The conditions for legitimacy are often constructed by responsible organisational behaviours. For example, relevant research on the legitimacy theory reported that there were organisations who were voluntarily disclosing their non-financial reports. Companies were seeking external legitimation by reporting their environmental performance (Brown & Deegan, 1998). Other corporations who decided to follow GRI’s reporting guidelines or resorted to the <IR>’s framework were increasingly aligning their internal reflections with external outputs (Beck et al., 2015). Initially, the rationale behind their integrated reporting was to improve their organisations’ external legitimation among stakeholders. However, at a later stage they realised that their external reports were informed by their organisation’s strategic positioning, and not constrained by the promulgation of the voluntary guidelines (Beck et al., 2015). Evidently, more organisations are conforming to the prevailing definitions of legitimacy through their disclosures of responsible and sustainable actions. Consequently, these responsible organisations’ leadership sets the agenda for stakeholder engagement and ESG reporting. The underlying objective is to build or enhance reputation (Aerts & Cormier, 2009) that will positively impact on the organisations’ capital flows.

 

This is an excerpt from my latest working paper, “Theoretical Insights on Integrated Reporting: Valuing the Financial, Social and Sustainability Disclosures”.

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Integrated Reporting: Valuing the Financial, Social and Natural Capital

The end of year financial statements usually focus on financial capital, whereas organisational performance relies on resources – such as the expertise of people, intellectual property that was developed through research and development, and interactions with the environment and the societies in which they operate.  In this light, Integrated Reporting (<IR>) was developed to fill such reporting gaps. The IR Framework categorises different stocks of value, including; Financial Capital; Manufactured Capital; Intellectual Capital; Human Capital; Social (and Relationship) Capital; as well as Natural Capital.

 

 

The International Integrated Reporting Council (IIRC) has promoted the concept of integrated thinking and reporting. In 2013, the International Integrated Reporting Council (IIRC) released a framework for integrated reporting. By doing so, IIRC has paved the way for the next generation of annual reports that enable stakeholders to make a more informed assessment of the organisation’s strategy, governance, performance and prospects. IIRC has aligned capital allocations and corporate behaviours with the wider goals of financial stability and  sustainable development. Its framework established the following ‘Guiding Principles’ and ‘Content Elements’:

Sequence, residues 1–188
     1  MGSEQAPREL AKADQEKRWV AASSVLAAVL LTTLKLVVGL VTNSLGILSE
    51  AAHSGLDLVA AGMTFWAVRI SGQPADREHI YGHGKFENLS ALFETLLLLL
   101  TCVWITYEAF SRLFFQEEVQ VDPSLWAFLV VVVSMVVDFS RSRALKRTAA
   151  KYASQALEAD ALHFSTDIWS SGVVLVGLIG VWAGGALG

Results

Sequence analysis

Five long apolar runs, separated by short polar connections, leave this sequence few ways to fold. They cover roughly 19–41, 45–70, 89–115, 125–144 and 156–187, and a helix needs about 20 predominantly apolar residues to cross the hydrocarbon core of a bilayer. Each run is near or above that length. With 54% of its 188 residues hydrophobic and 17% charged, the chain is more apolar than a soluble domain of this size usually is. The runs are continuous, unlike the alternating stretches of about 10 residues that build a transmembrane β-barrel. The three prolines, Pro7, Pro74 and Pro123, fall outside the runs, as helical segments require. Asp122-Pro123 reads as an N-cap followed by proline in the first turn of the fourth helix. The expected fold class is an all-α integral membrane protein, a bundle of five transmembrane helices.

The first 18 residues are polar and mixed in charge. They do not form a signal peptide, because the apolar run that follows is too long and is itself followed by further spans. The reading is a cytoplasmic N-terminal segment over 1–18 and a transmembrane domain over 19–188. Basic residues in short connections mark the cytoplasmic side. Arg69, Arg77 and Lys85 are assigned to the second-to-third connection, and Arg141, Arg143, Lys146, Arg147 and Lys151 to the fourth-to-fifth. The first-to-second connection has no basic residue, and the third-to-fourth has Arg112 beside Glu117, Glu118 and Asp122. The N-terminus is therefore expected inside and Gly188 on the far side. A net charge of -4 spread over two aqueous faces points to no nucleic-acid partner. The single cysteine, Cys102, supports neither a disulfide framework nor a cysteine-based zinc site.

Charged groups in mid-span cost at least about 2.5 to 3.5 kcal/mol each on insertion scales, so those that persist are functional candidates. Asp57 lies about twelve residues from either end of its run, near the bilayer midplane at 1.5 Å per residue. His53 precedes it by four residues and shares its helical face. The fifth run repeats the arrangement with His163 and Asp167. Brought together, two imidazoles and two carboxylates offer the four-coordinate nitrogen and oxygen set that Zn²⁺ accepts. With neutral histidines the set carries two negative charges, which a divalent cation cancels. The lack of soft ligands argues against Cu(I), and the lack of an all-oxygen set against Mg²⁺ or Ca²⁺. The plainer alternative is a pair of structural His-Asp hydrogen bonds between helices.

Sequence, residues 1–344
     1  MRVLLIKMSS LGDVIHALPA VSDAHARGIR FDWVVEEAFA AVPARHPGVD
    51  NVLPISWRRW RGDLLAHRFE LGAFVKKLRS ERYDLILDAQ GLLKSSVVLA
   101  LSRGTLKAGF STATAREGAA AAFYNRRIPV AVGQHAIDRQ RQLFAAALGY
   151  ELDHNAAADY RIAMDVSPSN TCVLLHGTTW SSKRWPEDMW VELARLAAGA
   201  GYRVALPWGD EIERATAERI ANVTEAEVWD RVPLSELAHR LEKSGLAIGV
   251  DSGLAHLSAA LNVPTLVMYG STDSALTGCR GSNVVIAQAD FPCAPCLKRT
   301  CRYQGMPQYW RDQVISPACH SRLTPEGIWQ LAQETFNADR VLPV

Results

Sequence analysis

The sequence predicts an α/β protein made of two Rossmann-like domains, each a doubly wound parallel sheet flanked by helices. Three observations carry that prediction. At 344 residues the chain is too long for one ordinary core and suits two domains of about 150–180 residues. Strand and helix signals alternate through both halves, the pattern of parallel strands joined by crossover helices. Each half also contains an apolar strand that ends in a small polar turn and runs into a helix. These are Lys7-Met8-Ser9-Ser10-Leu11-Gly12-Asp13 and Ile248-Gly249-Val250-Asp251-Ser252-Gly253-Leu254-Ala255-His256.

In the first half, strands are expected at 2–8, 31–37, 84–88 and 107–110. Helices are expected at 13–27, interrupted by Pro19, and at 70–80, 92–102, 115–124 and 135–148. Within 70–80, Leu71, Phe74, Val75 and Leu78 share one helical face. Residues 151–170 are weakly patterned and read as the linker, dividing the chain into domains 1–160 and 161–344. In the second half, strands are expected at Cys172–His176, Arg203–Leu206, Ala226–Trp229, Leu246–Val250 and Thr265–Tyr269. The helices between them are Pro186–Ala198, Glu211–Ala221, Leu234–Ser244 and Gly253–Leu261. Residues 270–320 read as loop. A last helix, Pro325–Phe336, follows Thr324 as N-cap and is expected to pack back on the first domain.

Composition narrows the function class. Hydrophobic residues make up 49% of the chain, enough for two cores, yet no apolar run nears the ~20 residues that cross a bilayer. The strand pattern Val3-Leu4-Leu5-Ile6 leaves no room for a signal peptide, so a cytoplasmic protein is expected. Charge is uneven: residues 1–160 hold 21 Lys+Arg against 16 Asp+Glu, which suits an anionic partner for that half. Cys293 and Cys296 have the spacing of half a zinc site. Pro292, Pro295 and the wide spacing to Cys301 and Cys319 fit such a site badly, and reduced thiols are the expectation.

Guiding Principles

  1. Strategic focus and future orientation –gives an insight of the organisation’s strategy;
  2. Connectivity of information – provides a holistic picture of the combination, inter relatedness and dependencies between the factors that affect the organisation’s ability to create value over time;
  3. Stakeholder relationships – describes the nature and quality of the organisation’s relationships with its key stakeholders;
  4. Materiality – discloses relevant information about matters that substantively affect the organisation’s ability to create value over the short, medium and long term;
  5. Conciseness – provides sufficient context to understand the organisation’s strategy, governance and prospects without being burdened by less relevant information;
  6. Reliability and completeness – includes all material matters, both positive and negative, in a balanced way and without material error;
  7. Consistency and comparability – ensures consistency over time and enabling comparisons with other organisations to the extent material to the organisation’s own ability to create value.

Content Elements

  1. Organisational overview and external environment – What does the organisation do and what are the circumstances under which it operates?